The Dawson Academy Blog

Dental Articles on Occlusion, Centric Relation, Restorative Dentistry & More

Picture of Dr. Neeraj Khanna

Neeraj Khanna, D.D.S. is a senior faculty member and study club leader at The Dawson Academy. Dr. Khanna also owns his own practice, Khanna Dentistry, in Geneva, Illinois, which provides comprehensive dental services, including cosmetic and restorative dentistry.

Recent Posts

How to Remove Guesswork From Your Treatment Plans

It's one of the most common things that we hear is when things don't go well; in other words, if a restoration fractures.

Many dentists aren't sure why it fractures in the first place. And sometimes a situation like that can decrease your confidence because you're trying to find an outlet as to why this could have happened. Understanding the concept of complete dentistry will allow you to really focus in on those situations specifically.

Read More

5 Mistakes to Avoid When Taking Digital Photos in Your Dental Practice

The use of digital photography has changed the practice of Complete Dentistry for the better.  One reason is it allows us to view, edit, and modify images with ease.  

A fundamental goal of Complete Dentistry is to provide patients with predictable, natural and long lasting restorations.  The use of digital photography is a great way to help achieve this goal, allowing the treatment planning process (16 Step Checklist) to be more predictable.  

Read More

How to Utilize a Dental Assistant to Equilibrate the Dentition

Equilibration or reshaping of teeth is one of the procedures taught at the Dawson Academy.  The equilibration process begins with step 7 in the 10 Step 3D Treatment planning Checklist (Provide Equal Intensity Stops).  The goal of equilibration is to reshape both posterior and anterior teeth until equal intensity contacts are achieved in centric relation.  Like all other procedures, the dental assistant’s (DA) role is vital to the success of the equilibration process. 

Read More

What can you learn from the screening history?

The Concept of “Complete Dentistry” is based on the principles taught by Dr. Peter Dawson, which entail the complete understanding of the masticatory system.  The joints (TMJ), muscles (Mastication), and teeth (Occlusion) all work together in harmony.  Many of our patients often experience discord within their masticatory system.  When this occurs, we usually expect to see signs of instability.  The complete examination is the key to gathering or co-diagnosing conditions pertaining to the masticatory system.  As part of the co-diagnosis, a screening history can be very beneficial in formulating the right diagnosis.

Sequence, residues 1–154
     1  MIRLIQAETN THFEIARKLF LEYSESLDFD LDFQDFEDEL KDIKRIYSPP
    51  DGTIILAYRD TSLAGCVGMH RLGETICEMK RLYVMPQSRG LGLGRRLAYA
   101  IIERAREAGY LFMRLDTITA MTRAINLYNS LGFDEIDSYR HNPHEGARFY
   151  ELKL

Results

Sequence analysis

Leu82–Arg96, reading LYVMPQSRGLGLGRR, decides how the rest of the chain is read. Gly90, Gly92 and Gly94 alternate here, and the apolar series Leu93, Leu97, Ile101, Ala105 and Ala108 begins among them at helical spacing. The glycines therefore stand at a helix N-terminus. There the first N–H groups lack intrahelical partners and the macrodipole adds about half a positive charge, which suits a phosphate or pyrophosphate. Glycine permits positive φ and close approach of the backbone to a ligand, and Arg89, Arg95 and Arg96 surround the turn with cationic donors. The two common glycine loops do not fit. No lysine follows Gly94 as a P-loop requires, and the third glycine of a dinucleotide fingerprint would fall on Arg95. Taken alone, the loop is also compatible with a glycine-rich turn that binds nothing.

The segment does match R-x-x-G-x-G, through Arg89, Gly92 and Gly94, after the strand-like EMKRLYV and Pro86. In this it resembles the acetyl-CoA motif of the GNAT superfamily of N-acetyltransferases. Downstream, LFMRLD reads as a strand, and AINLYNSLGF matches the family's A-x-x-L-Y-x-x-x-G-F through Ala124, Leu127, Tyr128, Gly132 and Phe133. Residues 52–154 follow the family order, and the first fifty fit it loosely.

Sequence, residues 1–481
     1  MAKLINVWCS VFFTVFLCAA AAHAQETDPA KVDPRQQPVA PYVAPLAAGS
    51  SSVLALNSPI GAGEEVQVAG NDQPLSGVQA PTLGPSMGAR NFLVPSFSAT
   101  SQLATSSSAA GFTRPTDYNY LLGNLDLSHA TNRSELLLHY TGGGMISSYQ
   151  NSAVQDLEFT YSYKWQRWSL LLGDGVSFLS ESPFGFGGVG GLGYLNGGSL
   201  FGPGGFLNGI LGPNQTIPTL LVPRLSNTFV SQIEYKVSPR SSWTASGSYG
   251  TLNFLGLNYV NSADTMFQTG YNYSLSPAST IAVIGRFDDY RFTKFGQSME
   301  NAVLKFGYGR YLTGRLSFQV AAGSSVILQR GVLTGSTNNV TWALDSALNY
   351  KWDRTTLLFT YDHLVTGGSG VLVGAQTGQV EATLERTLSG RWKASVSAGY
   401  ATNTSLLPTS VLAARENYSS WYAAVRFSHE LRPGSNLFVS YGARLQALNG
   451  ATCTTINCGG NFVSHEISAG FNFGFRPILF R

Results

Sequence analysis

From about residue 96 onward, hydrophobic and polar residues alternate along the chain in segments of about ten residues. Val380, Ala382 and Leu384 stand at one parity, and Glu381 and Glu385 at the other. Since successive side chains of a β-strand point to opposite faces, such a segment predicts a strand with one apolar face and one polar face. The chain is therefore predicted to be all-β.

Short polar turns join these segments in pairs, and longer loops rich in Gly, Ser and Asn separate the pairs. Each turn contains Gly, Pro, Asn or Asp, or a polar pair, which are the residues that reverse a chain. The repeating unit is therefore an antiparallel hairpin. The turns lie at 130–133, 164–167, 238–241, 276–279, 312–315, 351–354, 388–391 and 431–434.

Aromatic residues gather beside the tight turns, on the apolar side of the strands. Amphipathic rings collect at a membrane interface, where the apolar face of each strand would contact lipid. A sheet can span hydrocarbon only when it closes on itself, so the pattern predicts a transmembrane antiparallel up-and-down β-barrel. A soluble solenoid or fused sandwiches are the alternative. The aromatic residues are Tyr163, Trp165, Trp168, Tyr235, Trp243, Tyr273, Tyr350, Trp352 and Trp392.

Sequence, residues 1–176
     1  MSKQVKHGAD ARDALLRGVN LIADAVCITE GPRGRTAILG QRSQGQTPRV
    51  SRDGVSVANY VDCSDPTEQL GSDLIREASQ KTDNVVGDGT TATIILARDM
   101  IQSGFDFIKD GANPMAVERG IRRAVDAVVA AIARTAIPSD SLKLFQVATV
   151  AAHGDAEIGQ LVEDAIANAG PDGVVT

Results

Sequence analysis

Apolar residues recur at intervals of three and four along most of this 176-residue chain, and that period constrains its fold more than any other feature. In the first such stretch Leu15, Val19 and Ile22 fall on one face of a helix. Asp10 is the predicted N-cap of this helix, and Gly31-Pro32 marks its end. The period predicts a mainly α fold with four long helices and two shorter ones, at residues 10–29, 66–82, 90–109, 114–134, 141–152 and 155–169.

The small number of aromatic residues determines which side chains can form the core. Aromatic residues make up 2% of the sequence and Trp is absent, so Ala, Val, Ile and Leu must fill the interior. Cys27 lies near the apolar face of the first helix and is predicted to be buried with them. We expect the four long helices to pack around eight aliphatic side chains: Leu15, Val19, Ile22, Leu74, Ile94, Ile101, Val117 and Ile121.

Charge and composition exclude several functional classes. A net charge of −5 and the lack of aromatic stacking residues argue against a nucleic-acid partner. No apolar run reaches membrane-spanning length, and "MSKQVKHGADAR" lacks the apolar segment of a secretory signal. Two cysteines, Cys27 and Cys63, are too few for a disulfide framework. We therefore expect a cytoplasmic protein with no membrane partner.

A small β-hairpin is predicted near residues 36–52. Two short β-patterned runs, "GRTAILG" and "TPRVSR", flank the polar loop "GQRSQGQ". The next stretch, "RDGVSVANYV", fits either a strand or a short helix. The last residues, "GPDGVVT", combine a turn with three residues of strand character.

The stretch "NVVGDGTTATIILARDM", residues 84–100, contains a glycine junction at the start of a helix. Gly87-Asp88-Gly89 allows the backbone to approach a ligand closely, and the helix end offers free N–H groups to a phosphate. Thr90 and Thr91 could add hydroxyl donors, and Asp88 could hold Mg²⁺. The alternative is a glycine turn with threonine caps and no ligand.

There are two opportunities to complete a screening history.  The first is prior to the complete examination during the new patient interview.  The second opportunity is during the actual complete examination.  The right questions will open the dialogue for clues that will help assess the present condition(s), and whether a problem may be related to the TMJ and/or Muscles.

Read More

The Big Win: Interdisciplinary Teams Using Complete Dentistry

By Dr. Neeraj Khanna, DDS

One of the greatest rewards about practicing “complete dentistry” is that we have the ability to take “complete” control of our patient’s care from start to finish. Complete dentistry requires us to examine our patient’s masticatory system as a functioning unit. This is much like a quarterback who looks at the entire field before making the right play for his/her team. The end goal is to score a touchdown or in our world a touchdown for our patient’s care.
Read More

The Secret to Being a Happy Dentist

One of the nice things about practicing complete dentistry is the ability to create a “balanced” life.  The Dawson Academy's dental ce courses teach that work, play, worship, and love are the core elements of this balance.

Regardless of what you do for a living, creating a balance is very challenging.  I was speaking with a patient during a routine hygiene examination, who is a clinical psychologist. I shared with her the concept of a balanced life and she interrupted me saying, “There is no such thing as a balanced life”.

Read More
Content not found